By Steve Gelsi
LevelField CEO Gene Grant is steering his company toward a potential IPO as a bank that offers digital currency services
LevelField Financial is set to announce Wednesday the acquisition of registered broker dealer Netshares Financial Services LLC for an undisclosed sum as part of its effort to build itself up as a traditional bank that handles digital currencies, MarketWatch has learned.
On another front, LevelField Financial has also hired PNC Bank (PNC) as an adviser on a potential acquisition of a U.S. chartered bank, company founder and CEO Gene Grant II said. LevelField is in talks with two potential bank targets which Grant did not name. He expects to close a bank acquisition deal early in 2023, based on the usual regulatory approval process.
In terms of capital raising, LevelField is currently seeking a $50 million venture capital round with commitments from existing investors including Houston-based family office Arbroath Capital and institutional investor Alumni Ventures Group LLC.
LevelField is making these and other moves to position itself not as a crypto bank, but as a financial firm that accepts that about 16% of the U.S. population holds digital assets with a need for banking services.
“There’s a reluctance by banks to get into digital assets,” Grant said. “We’re not a crypto bank targeting niche customers. Early movers like us who fully understand this have an opportunity.”
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LevelField’s acquisition of Netshares will add its business as a registered broker-dealer with a crowdfunding portal, pending regulatory approval. Netshares is one of the very few firms with the ability to do regulated tokenized and Reg A securities deals, Grant said.
Reflecting on his 30-plus years in financial services, fintech and banking for firms including Deutsche Bank (DBK.XE), Banco Bilbao Vizcaya Argentaria SA (BBVA.MC) and Standard Chartered , LevelField CEO Grant said he’s been struck by the reluctance by many banks to accept that market conditions have been changed by digital currencies.
Established banks are also ignoring the impact of digital currencies on their potential and existing customer base, he said.
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Long path to digital currencies
Grant’s career highlights prior to LevelField include being recruited by Deutsche Bank in 1996 to work on the firm’s interest rate derivatives and fixed income trading in London. He ended up working under legendary Deutsche Bank executive Bill Broeksmit, who was depicted in the best selling book, “Dark Towers” as a force for reform at the bank.
Grant said he was the main mover behind the 1996 establishment of Deutsche Bank Middle Office, a group between the trading side and the bank office that conducted risk management.After he left Deutsche Bank, Grant was CEO of E-primefinancial Plc between 1999 and 2001 and helped take it public in London. While the company wound down after he left, the experience helped Grant build his exposure to digital banking combined with traditional banking.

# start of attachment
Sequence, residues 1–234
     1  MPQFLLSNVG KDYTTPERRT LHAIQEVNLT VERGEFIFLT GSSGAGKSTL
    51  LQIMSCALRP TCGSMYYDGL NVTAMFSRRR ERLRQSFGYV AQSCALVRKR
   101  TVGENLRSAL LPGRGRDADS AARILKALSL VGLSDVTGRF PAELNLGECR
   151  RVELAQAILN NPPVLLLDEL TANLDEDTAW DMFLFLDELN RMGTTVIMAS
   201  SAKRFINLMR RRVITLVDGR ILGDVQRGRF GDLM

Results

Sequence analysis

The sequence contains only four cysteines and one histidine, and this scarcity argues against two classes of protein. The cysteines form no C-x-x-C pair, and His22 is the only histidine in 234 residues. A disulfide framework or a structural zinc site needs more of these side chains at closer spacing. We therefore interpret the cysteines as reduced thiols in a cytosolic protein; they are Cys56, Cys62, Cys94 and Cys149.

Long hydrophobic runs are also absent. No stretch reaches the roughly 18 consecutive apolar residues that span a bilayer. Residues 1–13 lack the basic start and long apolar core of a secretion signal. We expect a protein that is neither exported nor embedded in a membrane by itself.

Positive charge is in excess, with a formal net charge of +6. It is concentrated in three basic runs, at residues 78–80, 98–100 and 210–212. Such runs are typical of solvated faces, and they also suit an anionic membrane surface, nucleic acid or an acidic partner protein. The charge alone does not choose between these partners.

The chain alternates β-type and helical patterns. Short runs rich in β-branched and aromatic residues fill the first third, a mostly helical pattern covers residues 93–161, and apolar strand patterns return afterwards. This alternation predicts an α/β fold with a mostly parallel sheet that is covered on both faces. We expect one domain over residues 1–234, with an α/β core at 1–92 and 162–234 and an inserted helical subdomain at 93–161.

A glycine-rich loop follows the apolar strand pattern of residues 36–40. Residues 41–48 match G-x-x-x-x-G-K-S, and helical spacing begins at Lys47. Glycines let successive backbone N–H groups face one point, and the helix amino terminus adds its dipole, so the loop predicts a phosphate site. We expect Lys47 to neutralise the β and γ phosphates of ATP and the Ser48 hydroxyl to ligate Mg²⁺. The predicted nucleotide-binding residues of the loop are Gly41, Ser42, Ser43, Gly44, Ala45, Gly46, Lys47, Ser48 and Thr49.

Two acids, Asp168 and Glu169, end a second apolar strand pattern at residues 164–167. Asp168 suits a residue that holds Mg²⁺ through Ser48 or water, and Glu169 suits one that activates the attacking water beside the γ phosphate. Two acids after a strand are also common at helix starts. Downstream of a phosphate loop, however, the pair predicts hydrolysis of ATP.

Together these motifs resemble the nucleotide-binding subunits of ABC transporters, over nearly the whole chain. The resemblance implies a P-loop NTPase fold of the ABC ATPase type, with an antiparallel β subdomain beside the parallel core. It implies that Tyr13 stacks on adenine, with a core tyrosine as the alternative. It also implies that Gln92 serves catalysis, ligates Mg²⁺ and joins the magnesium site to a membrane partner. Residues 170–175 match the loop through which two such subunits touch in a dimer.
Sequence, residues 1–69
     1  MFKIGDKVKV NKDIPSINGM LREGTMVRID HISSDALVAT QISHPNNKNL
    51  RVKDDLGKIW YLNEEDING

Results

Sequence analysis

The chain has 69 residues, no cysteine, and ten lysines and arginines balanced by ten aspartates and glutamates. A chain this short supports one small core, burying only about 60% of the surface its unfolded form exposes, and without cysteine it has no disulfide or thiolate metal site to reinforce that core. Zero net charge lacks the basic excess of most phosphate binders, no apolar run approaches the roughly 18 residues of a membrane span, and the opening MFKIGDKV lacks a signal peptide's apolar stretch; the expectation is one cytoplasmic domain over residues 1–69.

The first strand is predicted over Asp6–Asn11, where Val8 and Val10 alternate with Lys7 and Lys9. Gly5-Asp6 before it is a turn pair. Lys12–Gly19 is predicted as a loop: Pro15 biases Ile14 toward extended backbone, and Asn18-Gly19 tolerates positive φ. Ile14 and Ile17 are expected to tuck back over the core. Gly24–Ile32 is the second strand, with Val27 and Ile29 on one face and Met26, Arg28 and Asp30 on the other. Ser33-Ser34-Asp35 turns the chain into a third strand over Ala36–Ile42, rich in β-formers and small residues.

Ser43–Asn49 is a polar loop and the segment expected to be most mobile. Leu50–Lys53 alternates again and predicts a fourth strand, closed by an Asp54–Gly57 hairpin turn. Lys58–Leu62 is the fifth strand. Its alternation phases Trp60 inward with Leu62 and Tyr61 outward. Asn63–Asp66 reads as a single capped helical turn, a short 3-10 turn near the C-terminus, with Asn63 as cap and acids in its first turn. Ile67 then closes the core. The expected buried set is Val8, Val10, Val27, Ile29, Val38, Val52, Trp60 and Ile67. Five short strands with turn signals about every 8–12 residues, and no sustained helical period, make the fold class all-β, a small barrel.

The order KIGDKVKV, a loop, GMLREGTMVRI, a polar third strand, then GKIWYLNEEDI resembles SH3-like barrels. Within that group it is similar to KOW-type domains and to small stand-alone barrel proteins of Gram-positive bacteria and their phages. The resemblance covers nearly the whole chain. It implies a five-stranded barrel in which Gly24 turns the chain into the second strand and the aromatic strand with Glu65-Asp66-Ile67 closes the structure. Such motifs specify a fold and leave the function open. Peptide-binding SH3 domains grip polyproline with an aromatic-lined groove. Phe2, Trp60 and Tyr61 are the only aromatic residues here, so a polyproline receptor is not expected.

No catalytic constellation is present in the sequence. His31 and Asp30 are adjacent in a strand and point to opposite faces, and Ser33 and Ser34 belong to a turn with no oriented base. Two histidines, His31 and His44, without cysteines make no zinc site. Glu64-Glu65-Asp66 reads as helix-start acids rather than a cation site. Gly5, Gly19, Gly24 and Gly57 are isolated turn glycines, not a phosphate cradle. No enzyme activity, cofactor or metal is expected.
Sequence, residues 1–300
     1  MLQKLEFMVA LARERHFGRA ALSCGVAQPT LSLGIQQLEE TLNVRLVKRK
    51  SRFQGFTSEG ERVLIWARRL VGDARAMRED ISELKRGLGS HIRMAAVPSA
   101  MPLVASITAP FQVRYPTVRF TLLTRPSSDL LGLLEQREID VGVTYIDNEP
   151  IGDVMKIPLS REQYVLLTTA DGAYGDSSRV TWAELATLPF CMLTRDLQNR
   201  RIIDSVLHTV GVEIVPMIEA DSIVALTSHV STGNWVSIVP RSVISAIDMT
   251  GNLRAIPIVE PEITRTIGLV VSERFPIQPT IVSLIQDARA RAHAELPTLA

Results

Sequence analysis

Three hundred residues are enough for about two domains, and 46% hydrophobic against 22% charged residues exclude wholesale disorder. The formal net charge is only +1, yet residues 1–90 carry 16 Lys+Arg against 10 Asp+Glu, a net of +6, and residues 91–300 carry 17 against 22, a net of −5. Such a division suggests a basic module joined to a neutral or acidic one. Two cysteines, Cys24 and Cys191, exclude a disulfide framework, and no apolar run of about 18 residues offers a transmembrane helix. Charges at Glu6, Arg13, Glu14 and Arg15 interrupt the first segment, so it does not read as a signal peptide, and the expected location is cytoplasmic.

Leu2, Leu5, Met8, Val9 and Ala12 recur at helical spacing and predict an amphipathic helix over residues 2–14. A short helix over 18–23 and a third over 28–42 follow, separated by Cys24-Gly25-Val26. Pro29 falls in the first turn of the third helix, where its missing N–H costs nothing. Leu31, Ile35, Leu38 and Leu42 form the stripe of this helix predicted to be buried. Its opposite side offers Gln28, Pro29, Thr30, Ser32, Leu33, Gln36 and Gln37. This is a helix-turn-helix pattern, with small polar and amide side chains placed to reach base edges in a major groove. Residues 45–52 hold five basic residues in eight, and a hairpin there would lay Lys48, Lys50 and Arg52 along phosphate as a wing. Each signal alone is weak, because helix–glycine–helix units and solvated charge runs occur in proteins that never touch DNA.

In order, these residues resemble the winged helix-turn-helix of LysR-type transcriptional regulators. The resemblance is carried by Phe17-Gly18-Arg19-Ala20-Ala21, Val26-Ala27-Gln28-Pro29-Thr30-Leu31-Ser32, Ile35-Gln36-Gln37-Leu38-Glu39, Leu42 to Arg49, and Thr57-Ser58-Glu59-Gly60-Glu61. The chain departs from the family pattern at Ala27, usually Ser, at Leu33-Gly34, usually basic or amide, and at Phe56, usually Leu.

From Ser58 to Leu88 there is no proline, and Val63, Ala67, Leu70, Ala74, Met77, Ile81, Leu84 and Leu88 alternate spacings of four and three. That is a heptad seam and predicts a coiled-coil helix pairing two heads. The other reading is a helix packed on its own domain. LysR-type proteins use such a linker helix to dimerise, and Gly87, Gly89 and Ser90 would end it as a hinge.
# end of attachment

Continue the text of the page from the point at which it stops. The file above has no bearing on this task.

After several senior roles at banks, Grant in 2017 decided to do a deep dive into digital currencies after some prodding from company co-founder and friend Stephen Helmholz, who now works as president, digital platforms, for LevelField, as well as Grant’s son Gene Grant III, now head of retail platforms after co-founding the company.
“I was shocked by the sheer amount of money in the asset class and horrified at whose hands it was flowing through,” Grant said. “They didn’t know about fiduciary duty or were knowledgeable about financial services. It became clear that I (we) could do a lot better.”
In 2018, LevelField raised a pre-seed round of funding of about $840,000. An offshore investor was supposed to close on a $10 million commitment in February of 2020, but the deal dried up during the COVID-19 lockdown.
LevelField finally closed on $8.5 million in funding in February (2022) with lead investor Arbroath Capital and participation from Alumni Ventures.
LevelField currently employs 21 people full time, with an average age of 50 and about 40% staffed by women.
Looking ahead, Grant said he’d like to either take LevelField public through an initial public offering as soon as 2025, or possibly sell the company to a larger bank down the road.
LevelField is readying the launch of some digital asset products. In September, it’ll unveil On and Off Ramp, an advanced trading platform. It’ll soon start offering bitcoin custody and private client trading services.
It’s partnering with IBM (IBM) to provide digital asset custody services as a white label service for banks for a planned launch in 2023. Banks will license the technology to offer digital asset trading and custody to customers.
Grant sees wider digital currency adoption ahead for the U.S. banking system as the U.S. Federal Reserve takes aim at creating a central bank digital currency.
With digital assets and central bank digital assets, the banking system will move away from centralized financial structures such as the Fed’s clearing system or private clearing houses or the ACH network. The central bank’s stable coin should instead offer real-time, peer-to peer exchanges for 24 hours a day and seven days a week, he said.
“It’s better technology,” Grant said. “The USA is the largest capital market in the world because of our regulation, and not despite it. Whether it is because of the regulatory system, or because of FDIC insurance, the U.S. banking system is trusted. I do not know anyone who actually likes their bank, but they trust them.”
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